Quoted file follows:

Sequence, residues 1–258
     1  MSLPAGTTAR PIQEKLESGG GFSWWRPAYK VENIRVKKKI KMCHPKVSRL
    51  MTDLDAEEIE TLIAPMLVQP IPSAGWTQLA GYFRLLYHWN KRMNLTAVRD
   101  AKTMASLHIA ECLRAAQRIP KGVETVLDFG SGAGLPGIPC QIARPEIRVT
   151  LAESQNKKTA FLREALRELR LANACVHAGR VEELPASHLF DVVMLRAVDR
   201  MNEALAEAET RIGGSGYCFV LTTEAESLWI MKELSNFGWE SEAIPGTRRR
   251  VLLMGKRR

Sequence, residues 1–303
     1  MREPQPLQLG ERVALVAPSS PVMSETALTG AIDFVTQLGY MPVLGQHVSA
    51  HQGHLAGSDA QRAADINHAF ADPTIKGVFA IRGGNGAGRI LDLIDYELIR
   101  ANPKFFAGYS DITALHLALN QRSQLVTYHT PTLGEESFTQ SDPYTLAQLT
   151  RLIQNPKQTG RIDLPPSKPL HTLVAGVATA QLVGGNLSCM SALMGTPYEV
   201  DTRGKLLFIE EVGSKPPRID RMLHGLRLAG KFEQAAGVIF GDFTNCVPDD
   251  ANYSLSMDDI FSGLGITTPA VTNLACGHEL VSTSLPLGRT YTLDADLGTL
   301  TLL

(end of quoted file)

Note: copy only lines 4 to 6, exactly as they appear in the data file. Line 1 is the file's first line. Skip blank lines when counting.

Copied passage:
   101  AKTMASLHIA ECLRAAQRIP KGVETVLDFG SGAGLPGIPC QIARPEIRVT
   151  LAESQNKKTA FLREALRELR LANACVHAGR VEELPASHLF DVVMLRAVDR
   201  MNEALAEAET RIGGSGYCFV LTTEAESLWI MKELSNFGWE SEAIPGTRRR